Federal Legislation to Implement UN Disability Rights Convention: Nothing About Us Without Us

Media Release

September 9, 2015 | For Immediate Release

Building on the ratification of the Convention on the Rights of Persons with Disabilities (CRPD), supported by all political parties and jurisdictions, and given that Canadians with disabilities continue to experience barriers and discrimination, the Government of Canada must take new and concrete action to implement the CRPD.  "For this to occur, legislation at the federal level and federal leadership at the inter-jurisdictional level are necessary," states Tony Dolan, Chairperson of the Council of Canadians with Disabilities (CCD), a national organization that sent representatives to the UN to help develop the CRPD, which articulates how to ensure human rights are realized in the context of disability.  "Consequently, CCD is seeking a commitment from all federal parties on legislation for fulfilling Canada's CRPD obligations."

Legislation is a recognized mechanism for implementing the CRPD.  In Article 4, the CRPD explains that countries shall "(a) … adopt all appropriate legislative, administrative and other measures for the implementation of the rights recognized in the present Convention; [and] (b) … take all appropriate measures, including legislation, to … abolish existing laws … and practices that constitute discrimination against persons with disabilities …"  "CCD would welcome new federal legislation that kick-starts Canada's fulfillment of its CRPD obligations," states John Rae, CCD's Second Vice Chair.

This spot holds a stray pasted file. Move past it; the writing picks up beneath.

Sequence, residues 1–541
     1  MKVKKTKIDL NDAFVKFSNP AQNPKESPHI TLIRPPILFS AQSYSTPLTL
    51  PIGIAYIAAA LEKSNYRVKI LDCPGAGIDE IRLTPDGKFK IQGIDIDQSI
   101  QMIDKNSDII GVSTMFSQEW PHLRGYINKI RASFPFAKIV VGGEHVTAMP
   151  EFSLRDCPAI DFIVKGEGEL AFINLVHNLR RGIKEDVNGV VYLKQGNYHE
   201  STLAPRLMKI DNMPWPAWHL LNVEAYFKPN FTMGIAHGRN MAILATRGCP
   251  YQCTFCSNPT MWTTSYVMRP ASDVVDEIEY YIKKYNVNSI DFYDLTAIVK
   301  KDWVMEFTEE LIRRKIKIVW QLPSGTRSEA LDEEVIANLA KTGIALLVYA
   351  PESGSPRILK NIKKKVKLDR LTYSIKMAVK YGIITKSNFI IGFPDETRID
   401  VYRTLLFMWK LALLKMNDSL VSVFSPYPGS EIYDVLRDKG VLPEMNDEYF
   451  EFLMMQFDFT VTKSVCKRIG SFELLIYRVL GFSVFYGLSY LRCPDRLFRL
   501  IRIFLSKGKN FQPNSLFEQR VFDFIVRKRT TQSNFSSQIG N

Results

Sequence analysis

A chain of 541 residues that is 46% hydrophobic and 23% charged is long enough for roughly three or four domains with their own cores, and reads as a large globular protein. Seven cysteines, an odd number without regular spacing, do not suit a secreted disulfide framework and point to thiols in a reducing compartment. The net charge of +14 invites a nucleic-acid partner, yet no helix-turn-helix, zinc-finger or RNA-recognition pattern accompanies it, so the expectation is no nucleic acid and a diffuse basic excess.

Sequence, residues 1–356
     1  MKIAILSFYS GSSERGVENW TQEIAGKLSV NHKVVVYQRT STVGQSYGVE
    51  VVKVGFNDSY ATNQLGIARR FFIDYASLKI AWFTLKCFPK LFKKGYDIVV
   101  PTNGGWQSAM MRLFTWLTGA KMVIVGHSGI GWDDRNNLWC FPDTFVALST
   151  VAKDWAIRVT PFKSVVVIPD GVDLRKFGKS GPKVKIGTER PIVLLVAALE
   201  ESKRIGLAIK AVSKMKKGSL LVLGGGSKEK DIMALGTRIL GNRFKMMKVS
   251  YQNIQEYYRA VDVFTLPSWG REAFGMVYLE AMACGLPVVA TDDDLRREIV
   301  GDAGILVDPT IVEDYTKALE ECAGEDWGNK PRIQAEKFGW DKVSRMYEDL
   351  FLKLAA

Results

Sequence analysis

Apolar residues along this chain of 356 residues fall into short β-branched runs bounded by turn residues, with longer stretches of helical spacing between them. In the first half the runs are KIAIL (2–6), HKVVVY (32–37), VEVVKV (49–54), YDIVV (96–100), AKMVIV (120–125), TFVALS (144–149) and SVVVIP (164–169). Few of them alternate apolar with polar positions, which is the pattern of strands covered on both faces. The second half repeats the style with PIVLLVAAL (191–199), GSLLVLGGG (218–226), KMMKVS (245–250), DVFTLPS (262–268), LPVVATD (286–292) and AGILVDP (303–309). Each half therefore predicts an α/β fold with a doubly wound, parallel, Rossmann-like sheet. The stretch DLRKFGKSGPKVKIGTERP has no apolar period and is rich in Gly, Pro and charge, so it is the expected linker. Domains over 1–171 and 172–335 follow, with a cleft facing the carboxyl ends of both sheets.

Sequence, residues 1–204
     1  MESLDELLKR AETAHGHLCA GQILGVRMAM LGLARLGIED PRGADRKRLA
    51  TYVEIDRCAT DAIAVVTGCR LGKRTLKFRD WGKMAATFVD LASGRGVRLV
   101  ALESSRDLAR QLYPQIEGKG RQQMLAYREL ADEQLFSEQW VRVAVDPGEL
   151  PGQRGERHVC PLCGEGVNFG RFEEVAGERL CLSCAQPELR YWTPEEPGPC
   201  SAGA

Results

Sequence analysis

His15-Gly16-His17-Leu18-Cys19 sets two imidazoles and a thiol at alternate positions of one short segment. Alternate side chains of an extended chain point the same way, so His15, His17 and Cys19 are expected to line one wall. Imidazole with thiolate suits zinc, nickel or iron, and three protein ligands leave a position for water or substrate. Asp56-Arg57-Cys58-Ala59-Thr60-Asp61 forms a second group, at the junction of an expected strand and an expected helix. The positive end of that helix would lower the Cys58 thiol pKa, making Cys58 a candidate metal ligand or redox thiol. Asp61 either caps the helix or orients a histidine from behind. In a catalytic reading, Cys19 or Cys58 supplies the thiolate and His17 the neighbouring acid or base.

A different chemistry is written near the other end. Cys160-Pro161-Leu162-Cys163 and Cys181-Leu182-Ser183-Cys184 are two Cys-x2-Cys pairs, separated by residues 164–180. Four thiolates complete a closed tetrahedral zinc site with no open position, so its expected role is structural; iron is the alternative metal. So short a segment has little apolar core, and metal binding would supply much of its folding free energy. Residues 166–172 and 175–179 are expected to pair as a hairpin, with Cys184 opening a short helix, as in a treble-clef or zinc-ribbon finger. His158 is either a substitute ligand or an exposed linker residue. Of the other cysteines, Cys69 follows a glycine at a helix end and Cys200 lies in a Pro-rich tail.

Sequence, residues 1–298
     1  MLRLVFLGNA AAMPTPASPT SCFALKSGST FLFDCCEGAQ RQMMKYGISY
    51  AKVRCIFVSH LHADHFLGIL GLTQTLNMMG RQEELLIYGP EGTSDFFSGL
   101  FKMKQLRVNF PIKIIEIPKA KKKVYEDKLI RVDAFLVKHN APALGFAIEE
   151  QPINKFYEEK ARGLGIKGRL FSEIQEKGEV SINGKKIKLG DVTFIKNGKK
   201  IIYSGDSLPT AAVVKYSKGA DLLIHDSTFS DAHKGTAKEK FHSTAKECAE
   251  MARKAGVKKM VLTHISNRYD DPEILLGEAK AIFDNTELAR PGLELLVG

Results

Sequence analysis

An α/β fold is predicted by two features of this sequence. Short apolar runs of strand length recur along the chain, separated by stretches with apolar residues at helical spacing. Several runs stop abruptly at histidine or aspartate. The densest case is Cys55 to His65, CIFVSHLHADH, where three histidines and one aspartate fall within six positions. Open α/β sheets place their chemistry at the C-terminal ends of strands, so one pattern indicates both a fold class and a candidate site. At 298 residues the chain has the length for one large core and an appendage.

During an election campaign, Canadians explore new policy options.  "In this campaign a Canadians with Disabilities Act (CDA) is getting attention.  We always support progressive and forward looking legislation.  However, for any proposed CDA to deliver upon the commitments made in the CRPD, it would need to go beyond voluntary guidelines and public awareness," states Rae. "Any new legislation focusing on improving inclusion and access for Canadians with disabilities, such as the proposed CDA, would need to address transportation, telecommunications, banking, accessible democracy, employment of persons with disabilities and issues affecting girls and women with disabilities."

"CCD has researched how legislation could most effectively promote the human rights of people with disabilities," states Dolan.  "We found that to achieve barrier removal federal legislation would need to create new mechanisms with real teeth, such as a Disability and Inclusion Commissioner reporting directly to Parliament." CCD's paper, "A Federal Disability Act: Opportunities and Challenges: Contributing to the Dialogue" by Phyllis Gordon outlines a model legislative framework. 

"During the drafting stage of the CRPD, people with disabilities were integrally involved.  NOTHING ABOUT US WITHOUT US was the philosophy that guided the CRPD's development and CCD urges all Canadian political parties to commit to the same approach in developing new legislation for ensuring the full enjoyment of our human rights, and implementation of Canada's CRPD obligations," states Dolan.

"In addition and given the often shared responsibilities between the federal and provincial/territorial governments, the federal government must provide proactive leadership in establishing inter-jurisdictional mechanisms to implement the CRPD, always in consultation with Canadians with disabilities," states Dolan.  "Thus, CCD calls upon the federal parties to inform the disability community how they will work collaboratively with the provinces/territories and the disability community to advance compliance with the CRPD."


For more information contact:

Tony Dolan, CCD Chairperson, Tel: 902-626-1752 (cell).
James Hicks, National Coordinator, Tel: 343-291-1118.
John Rae, CCD Second Vice Chair, Tel: 416-941-1547.

About CCD - CCD is a national organization of people with disabilities that works for an accessible and inclusive Canada.